While in therapy with a Cognitive Behavioural Therapist to help me work with grief and depression, I was recommended to try yoga and meditation with the suggestion that they might ease the symptoms of stress, anxiety and low mood. At that point I didn't have the energy or wherewithal to try either. Some months later, something had shifted and I was able to make my way to a local meditation class. CBT itself had opened to me for the first time something about the working of my mind: my fears, core beliefs and behaviours, all of which was curiously interesting. Meditation, however, allowed me to bear witness to these things in a way that created a more tangible separation between me and 'my self.' The observer and the observed, as we call it. Yoga followed meditation and with it, the beginning of a series of layers being peeled back and revealed to me in a way that was both healing and entrancing.
And that's it: because yoga works at both the subtle and the gross level, it allows the body and the conscious mind to soften together, having the added effect of quieting the daily, ongoing, chattering, anxious, always-moving mind in order to let the deeper work and the profound messages from within to rise up. It allows you to get in and take a good look around. The more one practices, the more that sense of intuition, bodily wisdom and inner healing is advanced, and because the brain receives positive feedback messages from the rush of endorphins and GABA (one of the central nervous system's neurotransmitters responsible for calming nervous activity, low levels of which are thought to be linked with anxiety and mood disorders) – not to mention the extraordinarily powerful calming of the autonomic nervous system which is responsible for fight or flight but which, through controlled and regular breathing is soothed into a state of quiet trust and relaxation – it is not uncommon to leave a yoga class feeling grounded and soothed from the inside out.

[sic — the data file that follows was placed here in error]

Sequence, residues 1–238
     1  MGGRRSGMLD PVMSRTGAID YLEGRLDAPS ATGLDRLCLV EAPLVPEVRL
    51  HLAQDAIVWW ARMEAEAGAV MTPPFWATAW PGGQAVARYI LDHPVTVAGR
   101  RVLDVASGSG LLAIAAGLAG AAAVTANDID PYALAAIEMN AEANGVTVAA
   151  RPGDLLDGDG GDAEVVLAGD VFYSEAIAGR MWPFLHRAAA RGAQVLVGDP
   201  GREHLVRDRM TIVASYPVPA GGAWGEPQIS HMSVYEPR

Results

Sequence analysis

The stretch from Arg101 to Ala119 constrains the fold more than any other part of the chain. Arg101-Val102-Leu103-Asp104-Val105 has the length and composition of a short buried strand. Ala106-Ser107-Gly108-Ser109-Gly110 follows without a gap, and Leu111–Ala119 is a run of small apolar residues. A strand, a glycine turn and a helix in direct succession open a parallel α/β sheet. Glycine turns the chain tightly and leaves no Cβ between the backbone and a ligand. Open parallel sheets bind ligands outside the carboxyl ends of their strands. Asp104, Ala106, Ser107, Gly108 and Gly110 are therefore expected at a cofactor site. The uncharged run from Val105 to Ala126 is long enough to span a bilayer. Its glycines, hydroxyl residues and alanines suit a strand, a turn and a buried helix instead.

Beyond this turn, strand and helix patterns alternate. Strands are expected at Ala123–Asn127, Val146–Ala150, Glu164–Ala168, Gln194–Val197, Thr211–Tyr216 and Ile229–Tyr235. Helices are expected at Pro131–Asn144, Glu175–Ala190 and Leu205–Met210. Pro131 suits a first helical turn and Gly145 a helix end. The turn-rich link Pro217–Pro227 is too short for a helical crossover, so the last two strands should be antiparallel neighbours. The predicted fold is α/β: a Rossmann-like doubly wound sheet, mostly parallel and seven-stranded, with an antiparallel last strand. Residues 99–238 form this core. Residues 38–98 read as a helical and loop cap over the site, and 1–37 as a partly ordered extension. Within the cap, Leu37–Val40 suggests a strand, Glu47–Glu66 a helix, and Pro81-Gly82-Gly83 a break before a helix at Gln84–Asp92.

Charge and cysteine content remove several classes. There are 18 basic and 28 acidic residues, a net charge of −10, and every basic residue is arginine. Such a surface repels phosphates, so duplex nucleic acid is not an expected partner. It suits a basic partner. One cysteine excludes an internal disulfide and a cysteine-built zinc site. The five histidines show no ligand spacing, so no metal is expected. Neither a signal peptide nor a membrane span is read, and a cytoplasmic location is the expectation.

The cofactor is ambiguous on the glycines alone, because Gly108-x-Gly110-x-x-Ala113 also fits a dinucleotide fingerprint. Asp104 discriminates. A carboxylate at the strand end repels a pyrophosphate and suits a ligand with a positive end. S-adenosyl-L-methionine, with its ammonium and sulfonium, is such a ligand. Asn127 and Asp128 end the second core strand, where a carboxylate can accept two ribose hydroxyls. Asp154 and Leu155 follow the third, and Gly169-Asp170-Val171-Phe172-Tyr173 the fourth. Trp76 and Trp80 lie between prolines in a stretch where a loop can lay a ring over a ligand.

The positive feedback system works like this: the body holds a posture, say Warrior 2, for longer than it might like to. The muscles work hard to keep the spine straight, the front leg bent, both arms extended and straight. After a few seconds, the mind chips in and asks to stop, complains about the pain and the tension in the lower back, gets bored and wants to do something else. This is totally normal. This is where the breath comes in and why it is so crucially important to our yoga practice: without it, we are simply not practicing yoga, but gymnastics. In order to quiet the mind and train the brain we draw on the breath, inhaling deeply and exhaling fully. We stay with the movement of the breath at all times, in every posture. And in a nutshell, this is why: the sympathetic portion of the autonomic nervous system (ANS) flares up in response to the stress of holding a pose, sending messages to the brain that puts us into 'fight or flight' mode. By breathing deeply and steadily, we activate the parasympathetic or 'rest and digest' response in the ANS that counteracts this stress signal, leading to a soothed state of being. The more we practice, the stronger the feedback between the two responses becomes, meaning that when we're faced with stressors and aggravations from daily life, our neural memory knows how to maintain our arousal at a comfortable and safe level. In short, we become calmer and more easily able to handle life's ups and downs with greater ease. This is why yoga has shown to be especially effective for war veterans and PTSD sufferers - in fact, any population used to running on 'high alert' in such a way as to exhaust the adrenal system.